afraid that the string thingy might degrade the preformance that is one
and second is indeed that i expected a more generic way as

Private Function DigitsAfterDecimal(ByVal Decval As Decimal) As Integer
Dim SplitArr() As String =
Decval.ToString.Split(CChar(System.Globalization.N umberFormatInfo.CurrentInfo.NumberDecimalSeparator ))

If SplitArr.Length = 2 Then

Return SplitArr(1).Length

Else

Return 0

End If

End Function
I honestly expected a framework method for this , one that i missed in my
quest , but as before it seems like i am the only one with such business
tasks as i have , so for all of you outta there above is the best
perfomer i ended up with
This isn't really a mathematical problem, as you are asking for the number
of fractional digits when the number is represented as a string.

Floating point values are not stored as decimal values, so the values that
you see might not be the exact value, due to the limited precision of
floating point values.

When you see the value 1.23, it might actually be stored as the value
1.22999999999997 as that may be the closest possible value that can be
represented as a floating point value. The values are rounded when
displayed, so you will usually never see these small differences, but they
are basically the reason why there is no built-in method to get the number
of fractional digits.
If you want a string method that performs a little bit better, use the
IndexOf method to locate the decimal separator, that way you can just
count the number of characters without creating an array of strings:

Dim value As String = Decval.ToString();
Dim pos As Integer =
value.IndexOf(System.Globalization.NumberFormatInf o.CurrentInfo.NumberDecimalSeparator)
If pos == -1 Then
Return 0
Else
Return value.Length - pos - 1
End If
--
Gran Andersson
_____
http://www.guffa.com
Sep 11 '07 #16

P: n/a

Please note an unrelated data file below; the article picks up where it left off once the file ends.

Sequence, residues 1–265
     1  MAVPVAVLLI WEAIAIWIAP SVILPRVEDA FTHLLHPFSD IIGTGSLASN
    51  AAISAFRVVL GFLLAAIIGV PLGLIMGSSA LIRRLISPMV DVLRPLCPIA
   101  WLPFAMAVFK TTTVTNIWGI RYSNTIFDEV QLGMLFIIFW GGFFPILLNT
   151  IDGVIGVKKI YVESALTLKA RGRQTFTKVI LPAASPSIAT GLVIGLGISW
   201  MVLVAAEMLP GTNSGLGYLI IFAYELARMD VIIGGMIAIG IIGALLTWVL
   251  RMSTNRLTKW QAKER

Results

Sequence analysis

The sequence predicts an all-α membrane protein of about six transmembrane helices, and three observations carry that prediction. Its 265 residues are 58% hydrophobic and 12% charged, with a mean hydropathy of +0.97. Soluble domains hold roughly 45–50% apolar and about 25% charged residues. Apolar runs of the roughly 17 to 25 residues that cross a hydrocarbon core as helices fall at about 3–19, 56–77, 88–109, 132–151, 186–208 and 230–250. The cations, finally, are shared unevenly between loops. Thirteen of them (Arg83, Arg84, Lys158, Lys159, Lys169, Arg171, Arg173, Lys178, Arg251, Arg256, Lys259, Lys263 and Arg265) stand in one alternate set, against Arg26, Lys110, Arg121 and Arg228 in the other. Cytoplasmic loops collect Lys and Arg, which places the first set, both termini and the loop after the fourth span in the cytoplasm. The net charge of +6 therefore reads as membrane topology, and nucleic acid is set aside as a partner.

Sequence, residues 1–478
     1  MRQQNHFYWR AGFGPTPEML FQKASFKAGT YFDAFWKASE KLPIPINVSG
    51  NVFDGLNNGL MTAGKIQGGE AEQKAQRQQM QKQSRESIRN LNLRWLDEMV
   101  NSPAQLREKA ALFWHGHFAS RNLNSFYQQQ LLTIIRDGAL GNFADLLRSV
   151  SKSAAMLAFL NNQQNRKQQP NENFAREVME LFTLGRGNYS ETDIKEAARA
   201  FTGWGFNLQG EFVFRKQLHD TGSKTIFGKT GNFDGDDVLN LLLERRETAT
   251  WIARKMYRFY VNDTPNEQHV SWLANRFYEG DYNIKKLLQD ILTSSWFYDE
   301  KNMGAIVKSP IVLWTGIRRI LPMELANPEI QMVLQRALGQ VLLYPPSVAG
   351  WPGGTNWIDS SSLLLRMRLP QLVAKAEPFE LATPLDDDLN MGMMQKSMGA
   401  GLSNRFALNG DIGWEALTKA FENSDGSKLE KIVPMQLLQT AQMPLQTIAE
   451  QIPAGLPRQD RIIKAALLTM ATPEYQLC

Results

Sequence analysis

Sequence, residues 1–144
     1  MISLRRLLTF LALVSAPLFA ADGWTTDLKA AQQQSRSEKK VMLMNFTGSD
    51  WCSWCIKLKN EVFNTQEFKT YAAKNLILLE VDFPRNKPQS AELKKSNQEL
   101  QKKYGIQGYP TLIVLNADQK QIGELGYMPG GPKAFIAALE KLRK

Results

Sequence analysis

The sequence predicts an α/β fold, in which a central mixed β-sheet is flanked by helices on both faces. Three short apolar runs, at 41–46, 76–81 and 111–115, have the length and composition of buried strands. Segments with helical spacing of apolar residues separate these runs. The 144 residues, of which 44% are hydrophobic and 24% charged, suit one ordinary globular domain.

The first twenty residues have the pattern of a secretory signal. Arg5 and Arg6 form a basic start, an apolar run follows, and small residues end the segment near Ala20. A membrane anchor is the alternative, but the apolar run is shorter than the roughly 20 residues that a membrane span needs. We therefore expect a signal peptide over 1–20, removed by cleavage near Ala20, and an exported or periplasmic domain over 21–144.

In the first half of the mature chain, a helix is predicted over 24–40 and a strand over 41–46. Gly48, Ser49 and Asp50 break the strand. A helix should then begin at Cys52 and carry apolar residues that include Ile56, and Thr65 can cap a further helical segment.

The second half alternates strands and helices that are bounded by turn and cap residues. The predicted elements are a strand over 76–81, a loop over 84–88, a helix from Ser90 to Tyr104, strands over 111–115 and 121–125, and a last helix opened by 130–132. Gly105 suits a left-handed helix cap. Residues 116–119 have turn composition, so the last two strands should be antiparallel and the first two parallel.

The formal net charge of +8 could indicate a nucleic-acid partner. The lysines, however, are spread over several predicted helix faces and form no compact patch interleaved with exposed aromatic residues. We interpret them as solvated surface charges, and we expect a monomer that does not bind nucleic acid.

Michel,

You are right the code from Goran is better then in the way Stephany has
showed, however what is good does not need changes and that was more my
intention of the message.

Afterwards I though that will not be understood. Probably can you even
improve the code that Goran supported if you can make from the search string
(your decimal point which returns a string) a char.

In past we have done a test in this newsgroup, where the indexOf from a char
was the quickest, followed by a VisualBasic method and then the IndexOf
string. The split was very slow for this.

(The code from Goran beside of course that ==)

:-)

Cor

"Michel Posseth [MCP]" <Mi**************@discussions.microsoft.comschre ef
in bericht news:D0**********************************@microsof t.com...
Cor,
The string split solution is the most obvious way , however the way to go
is
not only

<variable>.ToString.Split("."c)(1).Length?

but is as a complete function

Private Function DigitsAfterDecimal(ByVal Decval As Decimal) As Integer
Dim SplitArr() As String =
Decval.ToString.Split(CChar(System.Globalization.N umberFormatInfo.CurrentInfo.NumberDecimalSeparator ))

If SplitArr.Length = 2 Then

Return SplitArr(1).Length

Else

Return 0

End If

End Function

Cause what would else happen with digits that do not have a decimal suffix
?
and in my situation this is a posibility .

i have tested both functions and in complexity and readability they are
the
same however Goran`s example performs slightly bether not much but in a
loop
of a few thousands it is noticable.


regards

Michel


"Cor Ligthert[MVP]" wrote:
>Goran,

Really I find this a very nice answer, although I find the solution from
Stephany better, I think that the one from Stephany will be the most
optimal